Previously, all pointers to incomplete struct types translated to the Go type
with the effect that the Go compiler could not diagnose passing one kind of struct pointer
to a function expecting another.
Go 1.3 corrects this mistake by translating each different
incomplete struct to a different named type.
Given the C declaration
typedef struct S T for an incomplete
some Go code used this bug to refer to the types
Cgo now explicitly allows this use, even for completed struct types.
However, some Go code also used this bug to pass (for example) a
from one package to another.
This is not legal and no longer works: in general Go packages
should avoid exposing C types and names in their APIs.
Updating: Code confusing pointers to incomplete types or
passing them across package boundaries will no longer compile
and must be rewritten.
If the conversion is correct and must be preserved,
use an explicit conversion via
For Go programs that use SWIG, SWIG version 3.0 is now required.
cmd/go command will now link the
SWIG generated object files directly into the binary, rather than
building and linking with a shared library.
In the gc toolchain, the assemblers now use the
same command-line flag parsing rules as the Go flag package, a departure
from the traditional Unix flag parsing.
This may affect scripts that invoke the tool directly.
go tool 6a -SDfoo must now be written
go tool 6a -S -D foo.
(The same change was made to the compilers and linkers in Go 1.1.)
When invoked with the
now performs sophisticated static
analysis of the code it indexes.
The results of analysis are presented in both the source view and the
package documentation view, and include the call graph of each package
and the relationships between
definitions and references,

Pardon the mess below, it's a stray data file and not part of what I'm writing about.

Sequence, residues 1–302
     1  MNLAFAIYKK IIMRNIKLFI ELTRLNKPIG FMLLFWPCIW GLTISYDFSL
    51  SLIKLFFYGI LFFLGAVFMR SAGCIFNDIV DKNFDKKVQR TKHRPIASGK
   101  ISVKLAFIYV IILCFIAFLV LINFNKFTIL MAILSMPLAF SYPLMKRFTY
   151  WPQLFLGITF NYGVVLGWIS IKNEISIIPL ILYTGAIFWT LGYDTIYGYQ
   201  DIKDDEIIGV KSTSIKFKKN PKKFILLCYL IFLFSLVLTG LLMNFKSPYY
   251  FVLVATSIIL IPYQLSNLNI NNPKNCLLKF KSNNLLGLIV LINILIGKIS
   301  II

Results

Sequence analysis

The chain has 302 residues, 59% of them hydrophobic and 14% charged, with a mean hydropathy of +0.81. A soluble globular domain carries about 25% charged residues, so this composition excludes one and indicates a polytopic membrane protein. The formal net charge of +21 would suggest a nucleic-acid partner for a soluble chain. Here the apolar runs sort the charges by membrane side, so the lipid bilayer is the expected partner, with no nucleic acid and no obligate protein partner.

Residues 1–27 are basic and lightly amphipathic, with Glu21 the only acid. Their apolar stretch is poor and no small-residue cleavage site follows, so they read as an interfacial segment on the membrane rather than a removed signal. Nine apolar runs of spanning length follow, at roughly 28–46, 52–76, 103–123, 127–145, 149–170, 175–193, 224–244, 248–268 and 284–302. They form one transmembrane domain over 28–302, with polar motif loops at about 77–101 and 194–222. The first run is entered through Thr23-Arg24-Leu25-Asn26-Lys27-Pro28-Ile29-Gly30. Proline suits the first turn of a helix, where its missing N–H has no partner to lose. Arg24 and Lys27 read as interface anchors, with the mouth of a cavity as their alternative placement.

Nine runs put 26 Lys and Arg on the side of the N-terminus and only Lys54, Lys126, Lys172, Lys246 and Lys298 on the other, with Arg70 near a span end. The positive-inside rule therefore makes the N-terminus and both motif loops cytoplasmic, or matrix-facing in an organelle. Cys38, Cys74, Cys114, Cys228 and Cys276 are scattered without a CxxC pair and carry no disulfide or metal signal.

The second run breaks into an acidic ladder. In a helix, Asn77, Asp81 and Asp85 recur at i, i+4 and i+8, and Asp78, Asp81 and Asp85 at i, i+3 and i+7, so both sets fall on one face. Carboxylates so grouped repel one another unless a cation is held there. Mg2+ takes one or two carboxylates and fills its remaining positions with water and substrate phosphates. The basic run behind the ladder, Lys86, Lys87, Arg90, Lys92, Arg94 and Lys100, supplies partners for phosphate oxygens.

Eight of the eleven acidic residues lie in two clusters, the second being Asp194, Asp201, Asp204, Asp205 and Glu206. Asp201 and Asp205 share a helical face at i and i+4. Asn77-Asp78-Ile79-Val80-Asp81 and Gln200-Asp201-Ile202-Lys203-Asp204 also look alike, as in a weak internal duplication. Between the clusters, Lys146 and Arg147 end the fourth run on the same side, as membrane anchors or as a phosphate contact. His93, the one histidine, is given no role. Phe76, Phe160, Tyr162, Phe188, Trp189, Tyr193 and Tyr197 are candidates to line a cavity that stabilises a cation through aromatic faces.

types and their methods,
interfaces and their implementations,
send and receive operations on channels,
functions and their callers, and
call sites and their callees.
misc/benchcmp that compares
performance across benchmarking runs has been rewritten.
Once a shell and awk script in the main repository, it is now a Go program in the
Documentation is here.
For the few of us that build Go distributions, the tool
misc/dist has been
moved and renamed; it now lives in
misc/makerelease, still in the main repository.
The performance of Go binaries for this release has improved in many cases due to changes in the runtime and garbage collection, plus some changes to libraries. Significant instances include:
regexpis now significantly faster for certain simple expressions due to the implementation of a second, one-pass execution engine. The choice of which engine to use is automatic; the details are hidden from the user.
Also, the runtime now includes in stack dumps how long a goroutine has been blocked, which can be useful information when debugging deadlocks or performance issues.
A previous bug in
made it possible to skip verification in TLS inadvertently.
In Go 1.3, the bug is fixed: one must specify either ServerName or
InsecureSkipVerify, and if ServerName is specified it is enforced.
This may break existing code that incorrectly depended on insecure
There is an important new type added to the standard library:
It provides an efficient mechanism for implementing certain types of caches whose memory
can be reclaimed automatically by the system.
Updating: The crypto/tls fix may break existing code, but such code was erroneous and should be updated.
The following list summarizes a number of minor changes to the library, mostly additions. See the relevant package documentation for more information about each change.